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Will My Egg Donor Pregnancy Be Different?

Women who choose to use an egg donor to help build their families have already experienced the emotional highs and lows of the egg donation process, but what happens once a pregnancy is confirmed?

Some women worry that they will not be able to enjoy the full spectrum of what it means to be pregnant, or that their pregnancy via egg donation could be different in some way that lessens the experience. This is a common concern, and one that is often founded both in the struggle to conceive (for those where infertility was unexpected) and society’s perception of egg donation.

Weighing the medical versus the emotional impact
From a medical standpoint, your pregnancy is likely to progress just like any other pregnancy. Your baby will grow over time and you will learn the baby’s sex (if you so choose) and his or her weight. He or she may kick a lot or a little as they get to know your voice. You’ll prepare for your baby just as any other future parent would.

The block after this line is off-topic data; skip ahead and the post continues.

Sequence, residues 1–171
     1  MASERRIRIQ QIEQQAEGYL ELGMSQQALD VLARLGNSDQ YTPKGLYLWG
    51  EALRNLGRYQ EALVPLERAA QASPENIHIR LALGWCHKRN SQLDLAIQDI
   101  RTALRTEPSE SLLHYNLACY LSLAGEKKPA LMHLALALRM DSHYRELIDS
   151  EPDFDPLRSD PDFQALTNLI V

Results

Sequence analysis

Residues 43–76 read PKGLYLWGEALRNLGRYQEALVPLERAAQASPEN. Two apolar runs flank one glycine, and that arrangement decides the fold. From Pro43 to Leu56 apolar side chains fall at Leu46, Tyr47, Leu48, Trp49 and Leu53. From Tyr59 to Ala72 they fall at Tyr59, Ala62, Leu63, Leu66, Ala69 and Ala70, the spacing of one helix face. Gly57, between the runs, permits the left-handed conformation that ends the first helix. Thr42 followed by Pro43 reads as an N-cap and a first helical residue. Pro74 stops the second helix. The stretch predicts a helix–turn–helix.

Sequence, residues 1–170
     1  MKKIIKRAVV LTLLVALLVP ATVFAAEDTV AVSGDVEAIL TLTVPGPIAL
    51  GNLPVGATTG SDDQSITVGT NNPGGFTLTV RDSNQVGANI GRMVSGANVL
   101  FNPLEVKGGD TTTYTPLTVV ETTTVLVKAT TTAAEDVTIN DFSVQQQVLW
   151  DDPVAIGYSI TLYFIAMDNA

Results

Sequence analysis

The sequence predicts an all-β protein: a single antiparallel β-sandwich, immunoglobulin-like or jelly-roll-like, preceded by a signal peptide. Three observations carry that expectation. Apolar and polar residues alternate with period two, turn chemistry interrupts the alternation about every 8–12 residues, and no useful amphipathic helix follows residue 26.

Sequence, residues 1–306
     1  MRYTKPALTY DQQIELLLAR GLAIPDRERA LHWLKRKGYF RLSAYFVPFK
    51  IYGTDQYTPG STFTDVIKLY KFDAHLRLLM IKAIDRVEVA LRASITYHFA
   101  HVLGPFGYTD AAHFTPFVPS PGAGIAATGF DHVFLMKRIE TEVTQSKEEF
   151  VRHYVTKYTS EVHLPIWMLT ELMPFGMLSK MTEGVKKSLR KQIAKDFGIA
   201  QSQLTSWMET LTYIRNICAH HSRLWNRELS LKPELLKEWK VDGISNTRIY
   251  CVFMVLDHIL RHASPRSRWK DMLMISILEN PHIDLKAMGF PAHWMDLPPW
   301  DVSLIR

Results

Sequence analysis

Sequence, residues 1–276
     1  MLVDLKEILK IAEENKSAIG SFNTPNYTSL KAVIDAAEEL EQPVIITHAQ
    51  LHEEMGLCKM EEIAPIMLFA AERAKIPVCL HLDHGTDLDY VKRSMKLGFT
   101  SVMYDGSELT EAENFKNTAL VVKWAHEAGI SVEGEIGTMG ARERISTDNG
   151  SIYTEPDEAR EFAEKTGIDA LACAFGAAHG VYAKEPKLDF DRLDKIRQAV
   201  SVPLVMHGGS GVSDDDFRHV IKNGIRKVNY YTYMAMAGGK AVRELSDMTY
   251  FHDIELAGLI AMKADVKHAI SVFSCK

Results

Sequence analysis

The one part of this process that some future parents who used egg donation worry about is whether they will feel the same bond with their growing child as a couple who conceived naturally. Will their baby “feel like” their baby? How long will it take until I feel a bond with my child? Am I feeling what I should be feeling?

Oftentimes, this worry can be attributed to simple overthinking. The concern is normal, but it is essential for future parents to remember that their child is deeply wanted and is already loved, regardless of whether they conceived naturally or required some form of reproductive assistance. Even those who conceive naturally face concerns about bonding with their child, both during pregnancy and post-childbirth. It is a normal part of family building, no matter which route you take.

Reach out for support when you need it; you are not alone
Sometimes, once a pregnancy is achieved, future parents can feel removed from the infertility community they were once a part of. However, there are many former fertility patients out there who face the same anxieties over where there is an appropriate bond with their baby during and after pregnancy. Third-party reproduction services are growing in popularity and becoming increasingly well known, which means support groups are available for those in all stages of family building. Support groups can be in-person, online, for couples, for LGBT couples and many other formations to support your needs and situation. It can be very helpful to discuss your worries with those who are experiencing the same concerns.

Related Topics: Pregnancy, Egg donor pregnancy